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I found Gordon S. Wood’s essays on the Revolutionary War to be very interesting. Wood deciphers many of the different social classes and their motivations behind the revolution, while also pointing out many of the complex contradictory aspects to the revolutionists’ claims. One point he makes, that I found particularly interesting, was that “society was becoming more unequal, but its inequalities were not the source of instability and anxiety” (111). Wood goes on to argue that the idea that hard work and labor paid off, and that people were chosen based on their skills and not on the family they were born in to was such a novel idea. In this way, society was becoming more and more unequal because one’s ability to be heard was based on public endorsement (and skill), rather than maintaining status quo by following in one’s family’s footsteps. While the notion of popular participation in politics was first used by colonists already in power as leverage against their opponents (royal authority), “once aroused, [popular participation] could not be easily put down” (112).
It was interesting to read Wood and the chapter from Inhuman Bondage together because both mainly focused on distinct groups, allowing many of the revolutionists’ ideals to be seen as contradictory to their actions. As Willie mentions in his post, in some ways, this seems like a case of the rich wanting to get richer by making themselves the “natural aristocracy” while the lower classes remained stagnant. While, as Willie also remarks, Wood deciphers many of the more complex issues to this, reading Inhuman Bonding shows the huge discrepancy between the revolutionists’ fight for independence and fight to preserve slavery — the epitome of dependence which they so slandered. This chapter shows how the colonists were fighting against being dependent on the British, while using their dependents to help them in the war. Emma, in her post, points out the irony here, mentioning that “America is supposed to represent freedom and a new life, yet it doesn’t” because of the enslavement.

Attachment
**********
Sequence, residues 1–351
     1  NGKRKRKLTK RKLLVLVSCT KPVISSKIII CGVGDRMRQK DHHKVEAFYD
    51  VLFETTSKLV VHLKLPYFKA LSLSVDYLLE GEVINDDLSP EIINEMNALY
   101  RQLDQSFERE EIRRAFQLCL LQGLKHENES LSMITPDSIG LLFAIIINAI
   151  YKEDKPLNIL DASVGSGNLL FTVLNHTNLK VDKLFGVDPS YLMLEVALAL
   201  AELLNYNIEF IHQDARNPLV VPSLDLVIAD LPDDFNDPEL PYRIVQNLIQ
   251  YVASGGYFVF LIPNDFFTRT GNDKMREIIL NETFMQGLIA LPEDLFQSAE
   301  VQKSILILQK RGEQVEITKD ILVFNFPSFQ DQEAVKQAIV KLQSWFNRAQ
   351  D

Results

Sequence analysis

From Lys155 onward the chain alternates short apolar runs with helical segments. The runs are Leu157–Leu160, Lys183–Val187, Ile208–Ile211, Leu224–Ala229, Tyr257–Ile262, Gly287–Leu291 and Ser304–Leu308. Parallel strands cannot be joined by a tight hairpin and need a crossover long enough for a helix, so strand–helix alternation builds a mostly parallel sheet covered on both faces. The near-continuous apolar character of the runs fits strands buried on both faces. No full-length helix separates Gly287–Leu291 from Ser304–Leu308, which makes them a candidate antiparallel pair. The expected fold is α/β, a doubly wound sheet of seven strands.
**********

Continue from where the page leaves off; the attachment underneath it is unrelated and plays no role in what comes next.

While I’ve only heard an aggrandized and heroic version of the origins of the Revolutionary War, Wood sheds light on the many layers of reason and motivation behind it in society at this time. I liked that he explains how the Revolution was as much social as it was political, showing the different social classes and their arguments for independence or loyalty.
It is interesting to note many contemporary parallels to things Wood mentions. For example, Revolutionists believed that courtiers relied on favors and preferments for their position and rank. Favors and preferments still happen today in politics all the time, when a politician supports another politician’s move in order to secure a returned favor in the future. Additionally, to see how children born into lower class today do not have the same opportunities for education as someone born into a more privileged family is interesting to note in light of all the revolutionary leaders stoof for. While revolutionary leaders “did not expect poor, humble men […] to gain high political office. Rather, they expected that the sons of such humble men […] would thereby rise into ranks of gentlemen and become eligible for high political office”, it is provocative to see how there is a stagnancy for those still born into lower class due to the lack of privileges they have access to. While social standing is not hereditary, opportunities still (for the most part) are. Maybe we haven’t come as far as we hoped to.